Exporting is a big step, but it doesn't have to be a leap into the unknown. Take the right approach and you can become an exporter without exposing your business to unnecessary risk.
Exporting isn't just about having customers overseas willing to pay for your goods, it's also about getting the goods there and making sure you get paid while protecting your domestic business at the same time.
Common pitfalls include taking your eye off your existing customers as you focus your time and resources on exporting, failing to take the required precautions for getting paid and failing to research export markets thoroughly enough.
Start by identifying the areas you need export knowledge in the most. For new exporters, these areas usually include:
- Product development and marketing
- Document handling and legal knowledge
- An understanding of foreign regulations, standards and cultural preferences
Remember, you're not alone. Here are some handy support channels you can take advantage of:
We have advisors on-hand to answer your export-related questions.
- Export Development Canada
The Crown Corporation that acts as Canada's export agency, EDC works to support and develop export trade by helping Canadian businesses like yours.
Your province will have local trade advisors available to help you. Go online to your provincial government's website to learn more.
There's nowhere better to find business peers who've tackled the same issues you're tackling today than a business or industry association like your local Chamber of Commerce.
Narrow down the best export market prospects by establishing which markets have stronger demand for your product and fewer entry barriers before you visit or spend significant money going further.
Talk to your industry association or chamber for assistance and check out EDC's free online export market profiles.
When researching potential export markets, always look into:
- Levels of demand
- Potential supply chains
- Areas of growth
- Industry structure and established competitors
- Market routes (how you sell the product overseas might have to be different to how you do it here - see below)
- Required product modifications
- Cultural considerations (many an exporter has made the mistake of marketing or packaging their product without considering local traditions, meanings and colloquial sayings)
- Laws, standards, quotas, duties, taxes and important legal obligations
Consider hiring a specialist to research markets for you, visiting trade exhibitions or joining trade missions to help you research markets and make contacts.
How you take your product to market overseas may have to differ to the way you're used to doing it in Canada. Common market routes include:
- Sales agents who find you customers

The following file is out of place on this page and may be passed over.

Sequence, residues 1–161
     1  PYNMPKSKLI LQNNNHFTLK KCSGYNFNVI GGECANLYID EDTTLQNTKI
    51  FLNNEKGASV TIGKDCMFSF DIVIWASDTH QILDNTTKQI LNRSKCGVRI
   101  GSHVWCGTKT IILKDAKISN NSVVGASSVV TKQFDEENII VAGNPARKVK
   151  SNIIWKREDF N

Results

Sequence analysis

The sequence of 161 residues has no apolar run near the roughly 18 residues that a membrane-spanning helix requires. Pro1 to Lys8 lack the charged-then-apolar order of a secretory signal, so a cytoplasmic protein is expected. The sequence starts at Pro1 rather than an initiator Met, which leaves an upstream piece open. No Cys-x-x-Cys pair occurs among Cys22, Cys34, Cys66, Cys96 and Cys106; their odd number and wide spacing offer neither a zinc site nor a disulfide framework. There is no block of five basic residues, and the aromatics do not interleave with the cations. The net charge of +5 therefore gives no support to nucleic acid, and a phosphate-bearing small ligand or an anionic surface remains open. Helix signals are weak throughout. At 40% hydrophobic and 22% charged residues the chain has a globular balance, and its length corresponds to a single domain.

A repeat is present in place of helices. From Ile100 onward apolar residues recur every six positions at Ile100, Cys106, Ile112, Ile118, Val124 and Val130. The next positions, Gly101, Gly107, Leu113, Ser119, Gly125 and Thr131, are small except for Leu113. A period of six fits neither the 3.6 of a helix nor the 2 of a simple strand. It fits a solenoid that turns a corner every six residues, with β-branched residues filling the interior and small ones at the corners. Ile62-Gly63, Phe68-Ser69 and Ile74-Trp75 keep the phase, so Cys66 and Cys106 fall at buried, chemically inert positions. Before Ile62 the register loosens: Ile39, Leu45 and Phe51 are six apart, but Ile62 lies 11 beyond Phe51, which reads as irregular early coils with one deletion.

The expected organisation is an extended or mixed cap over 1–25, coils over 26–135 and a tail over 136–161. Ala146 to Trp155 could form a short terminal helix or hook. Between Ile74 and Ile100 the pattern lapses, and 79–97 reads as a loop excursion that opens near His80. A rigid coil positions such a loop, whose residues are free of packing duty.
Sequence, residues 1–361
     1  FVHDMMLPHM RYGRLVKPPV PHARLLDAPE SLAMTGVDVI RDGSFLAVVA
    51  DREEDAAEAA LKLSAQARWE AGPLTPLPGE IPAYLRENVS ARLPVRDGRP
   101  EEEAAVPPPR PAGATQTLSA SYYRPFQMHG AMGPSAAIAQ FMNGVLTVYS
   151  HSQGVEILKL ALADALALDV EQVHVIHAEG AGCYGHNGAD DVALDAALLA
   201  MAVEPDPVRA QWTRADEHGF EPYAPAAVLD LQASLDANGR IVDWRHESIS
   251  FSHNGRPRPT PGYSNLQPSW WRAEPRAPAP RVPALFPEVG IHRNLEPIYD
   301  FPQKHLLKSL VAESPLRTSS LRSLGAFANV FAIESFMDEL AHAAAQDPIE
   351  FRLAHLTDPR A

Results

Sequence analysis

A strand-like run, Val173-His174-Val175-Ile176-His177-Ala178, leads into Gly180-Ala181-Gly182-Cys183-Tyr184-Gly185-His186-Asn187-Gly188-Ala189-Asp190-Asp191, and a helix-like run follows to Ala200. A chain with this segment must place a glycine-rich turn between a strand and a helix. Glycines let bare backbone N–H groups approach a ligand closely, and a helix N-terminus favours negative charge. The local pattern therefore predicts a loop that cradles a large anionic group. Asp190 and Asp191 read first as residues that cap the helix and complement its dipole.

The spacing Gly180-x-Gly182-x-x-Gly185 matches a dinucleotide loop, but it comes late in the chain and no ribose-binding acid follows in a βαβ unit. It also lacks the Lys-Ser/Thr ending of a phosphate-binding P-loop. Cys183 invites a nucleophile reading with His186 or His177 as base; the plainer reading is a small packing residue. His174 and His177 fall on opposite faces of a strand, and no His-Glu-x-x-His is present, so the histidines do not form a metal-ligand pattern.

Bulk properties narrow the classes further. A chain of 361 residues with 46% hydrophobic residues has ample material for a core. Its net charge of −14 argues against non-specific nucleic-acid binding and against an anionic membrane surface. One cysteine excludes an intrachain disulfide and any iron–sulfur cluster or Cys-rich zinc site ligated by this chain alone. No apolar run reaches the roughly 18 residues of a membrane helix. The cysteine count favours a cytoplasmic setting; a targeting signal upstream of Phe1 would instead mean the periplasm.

- Sales distributors who buy directly from you
- Joint ventures
- Setting up physical branches
- Setting up an online e-commerce website
Investigate the options based on cost, feasibility and cultural preferences.
Exporting involves longer cash cycles. This has implications for your cash flow, so make sure you talk to us about:
- Trade finance options that can help you fill the gap
- Using clearly defined payment terms to ensure payment
- Ways to guard against foreign currency risks and exchange rate fluctuations
As an exporter you'll be asked to give credit to overseas customers. Always:
- Credit check every customer
- Research standard credit payment terms in the export market
- Use structured trade finance and trade credit insurance to protect yourself from the repercussions of not being paid
Even if you won't be filling out the paperwork yourself, you need to make sure you understand export documentation as you're ultimately the one responsible for the exports being 'ship-shape'.
Talk to your chamber, freight forwarder or financial advisor about:
- Numbered export invoices
- Standard shipping notes
- Dangerous goods notes (if the product contains hazardous material)
- Export licences
How are you going to get your product there? Don't just look at the costs; consider the climate of the export market and the countries the goods will be passing through too. If the products are delicate or perishable, you'll need to take this into account.
Talk to a freight forwarder about your options. They can consolidate your goods with other consignments - reducing the costs for you - and they can also take care of a lot of the paperwork too.
- Talk to your CIBC business advisor about the CIBC Small Business Growth Package and make sure you have the financial solutions you need to help you get your export operation off the ground.
- Check out the CIBC Guide to Business Planning to ensure you have covered all the bases as you plan to grow your business.